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Liam was the second horse to be saved under the Big Hoof Foundation.

On Wednesday March 29th, this BIG beautiful boy showed up on the Bowie Texas Livestock website. I contacted them to get some more information and learned he came from an Amish farm in Kentucky. He is 18.1 hands tall (6 feet 1 inch from the ground to the top of his back - height does not take into account the head or neck of the horse), weighs 1,875 pounds and is about 15 years old. 


The original video of Liam from the livestock yard showed that he was having some issues with his front legs, but overall in good health. The livestock yard stated “he’s stout, he’s strong, he’s in fantastic condition”.  When we arrived at the livestock yard to bring him home, just 5 days later, he could barely walk! 


On the way home from the livestock yard, we stopped at Claude Veterinary Hospital to have  Dr. Amber evaluate his leg and complete an overall wellness exam (including bloodwork). X-rays showed that he had severe arthritis in his front leg and Dr. Amber was worried he was foundering. Founder is also known as laminitis where the laminae (the part that attaches the hoof wall to the coffin bone in the foot) becomes inflamed and the blood supply to the area is compromised. With time, the hoof wall can separate from the bone.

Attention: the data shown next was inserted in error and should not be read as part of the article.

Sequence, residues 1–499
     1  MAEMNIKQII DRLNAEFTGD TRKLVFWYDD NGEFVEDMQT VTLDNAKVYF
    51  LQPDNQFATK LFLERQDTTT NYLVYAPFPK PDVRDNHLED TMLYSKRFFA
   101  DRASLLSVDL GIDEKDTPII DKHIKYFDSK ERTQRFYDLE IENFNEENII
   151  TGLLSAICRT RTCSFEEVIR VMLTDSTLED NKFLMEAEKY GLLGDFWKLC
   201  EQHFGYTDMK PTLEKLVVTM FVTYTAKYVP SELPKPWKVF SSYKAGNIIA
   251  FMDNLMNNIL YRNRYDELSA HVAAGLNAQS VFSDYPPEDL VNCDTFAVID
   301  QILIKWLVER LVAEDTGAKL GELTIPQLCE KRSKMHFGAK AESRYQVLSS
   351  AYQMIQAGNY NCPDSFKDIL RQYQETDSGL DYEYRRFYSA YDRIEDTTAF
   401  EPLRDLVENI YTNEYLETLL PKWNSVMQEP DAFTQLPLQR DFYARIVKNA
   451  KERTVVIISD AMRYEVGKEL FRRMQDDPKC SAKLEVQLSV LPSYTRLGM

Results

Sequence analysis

One of our other horses (at Fletcher Farms) Cami, has severe arthritis as well. We regularly take her to our other veterinarian (Mobile Veterinary Practice) for steroid injections to help treat the arthritis. The injections have helped Cami tremendously. So, we made an appointment for Liam to see Dr. Waggoner at MVP to see what treatment she thought would be the best for him. 


After her evaluation, Dr. Waggoner did not think he was foundering and suggested we try Noltrex injections rather than the steroid injections.  This therapy adds a cushion to the joint to reduce joint pain.


At the farm, we  made changes to his run to make it more comfortable for him as he receives treatment for his arthritis. We have elevated his food so that he does not have to bend as far down when enjoying alpha pro and hay,  and we have added additional cushioning in the form of pine shavings, stall mats and hay  to make the ground softer for him. 


 After a few weeks, we started him on pain medications to make sure he is comfortable during his retirement. We also began additional treatment to his frog (the center triangular part of a horse’s hoof) to help ease pain. 


Now that his pain has started to subside and he is settling in, he is really showing his personality! He loves to play in his waterer, loves brushies (only on his terms and never when he is sleepy)  and has even broken out of his run to go on an adventure of his own! When he is not causing mischief he can be found laying down taking a nap or grazing with the herd. 


Last updated: 6/14/23


Liams story is documented on our farms YouTube channel. You will find videos of Liam and everything he has been up to in his retired days!

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